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                • #9
                  Re: 10 Watts into a Tweeter - How Loud is that?

                  Originally posted by jcapodieci View Post
                  Attached is a ribbon tweeter with a short term capacity of 10 Watts but exceptional characteristics. I'm always bothered that whenever tweeter specs are published the assumed operating range isn't clear. I hope that 10 Watts is the power applied in a range from 3KHz to 20KHz. If so, that should be plenty for a 20x40 ft room. All comments will be well received.
                  Jerry

                  http://www.troelsgravesen.dk/download/Raidu_planar.pdf
                  http://sound.westhost.com/tweeters.htm#a2

                  C
                  Curt's Speaker Design Works

                  "It is the mark of an educated mind to be able to entertain a thought without accepting it."
                  - Aristotle

                  Comment


                  • #10
                    Re: 10 Watts into a Tweeter - How Loud is that?

                    The distribution of power during the playback of real music is not equal at all bands. It is concentrated between 350Hz and 700Hz. Furthermore, most of the high power excursions are very brief. Most drivers can withstand many times their continous rating for brief (20ms or less) peaks.

                    The distribution of power for real music falls rapidly over 1000hz and even more rapidly over 3kHz. Furthermore, the tones in that region tend to be very brief. The ear is more sensitive to highs, so fragile tweeters are often quite sufficient for most loud situations.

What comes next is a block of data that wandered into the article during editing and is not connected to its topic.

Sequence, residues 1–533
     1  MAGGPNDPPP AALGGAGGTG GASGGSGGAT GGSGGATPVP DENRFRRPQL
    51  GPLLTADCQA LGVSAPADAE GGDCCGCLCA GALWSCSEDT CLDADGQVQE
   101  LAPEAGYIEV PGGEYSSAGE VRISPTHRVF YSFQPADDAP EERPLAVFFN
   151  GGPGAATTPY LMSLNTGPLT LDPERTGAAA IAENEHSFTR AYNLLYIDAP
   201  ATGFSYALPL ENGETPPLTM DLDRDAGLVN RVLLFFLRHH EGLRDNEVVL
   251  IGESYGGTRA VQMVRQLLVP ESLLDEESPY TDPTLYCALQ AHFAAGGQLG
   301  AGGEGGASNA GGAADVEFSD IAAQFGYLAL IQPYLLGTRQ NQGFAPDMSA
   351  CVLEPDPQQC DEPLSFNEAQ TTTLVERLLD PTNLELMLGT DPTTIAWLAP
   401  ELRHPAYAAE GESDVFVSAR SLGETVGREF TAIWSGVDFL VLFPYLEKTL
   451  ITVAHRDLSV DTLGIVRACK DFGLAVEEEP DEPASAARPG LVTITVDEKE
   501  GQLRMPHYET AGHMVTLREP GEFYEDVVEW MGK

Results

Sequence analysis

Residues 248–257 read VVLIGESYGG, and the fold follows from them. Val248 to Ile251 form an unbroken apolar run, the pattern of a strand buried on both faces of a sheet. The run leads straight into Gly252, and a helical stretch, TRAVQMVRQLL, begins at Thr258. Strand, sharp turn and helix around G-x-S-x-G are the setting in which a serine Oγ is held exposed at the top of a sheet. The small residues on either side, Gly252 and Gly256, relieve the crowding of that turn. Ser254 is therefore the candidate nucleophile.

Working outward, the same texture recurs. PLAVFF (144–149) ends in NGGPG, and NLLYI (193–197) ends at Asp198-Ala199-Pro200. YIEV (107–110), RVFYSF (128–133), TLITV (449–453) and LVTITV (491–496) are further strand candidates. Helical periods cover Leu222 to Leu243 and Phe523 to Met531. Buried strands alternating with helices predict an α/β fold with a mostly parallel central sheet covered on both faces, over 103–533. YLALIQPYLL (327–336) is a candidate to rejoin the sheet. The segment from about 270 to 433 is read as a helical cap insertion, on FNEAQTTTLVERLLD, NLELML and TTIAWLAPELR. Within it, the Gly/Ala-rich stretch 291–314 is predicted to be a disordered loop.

The crossover slope is very critical. It must be sharp enough so that energy from the below-700Hz range does not get through.

                    Also, tweeters tend to be quite efficient -- frequently very, very efficient -- so they are padded down reducing the power needed for loud passages. The average power that actually reaches a tweeter during the reproduction of real music is actually very small.

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                    • #11
                      Re: 10 Watts into a Tweeter - How Loud is that?

                      No matter how you look at it tweeters aren't loud. They cover a range of hearing that if they were loud it would damage your ears quickly.

                      In my array, I have 64 tweeters(32 per channel), running on 60 watts per channel. When providing support for the mid rnages and the woofers, I would never perceive them as loud in any way. I doubt they need more than 10 watts total.

                      Marlboro
                      The Calipso Line Array System: http://techtalk.parts-express.com/album.php?albumid=9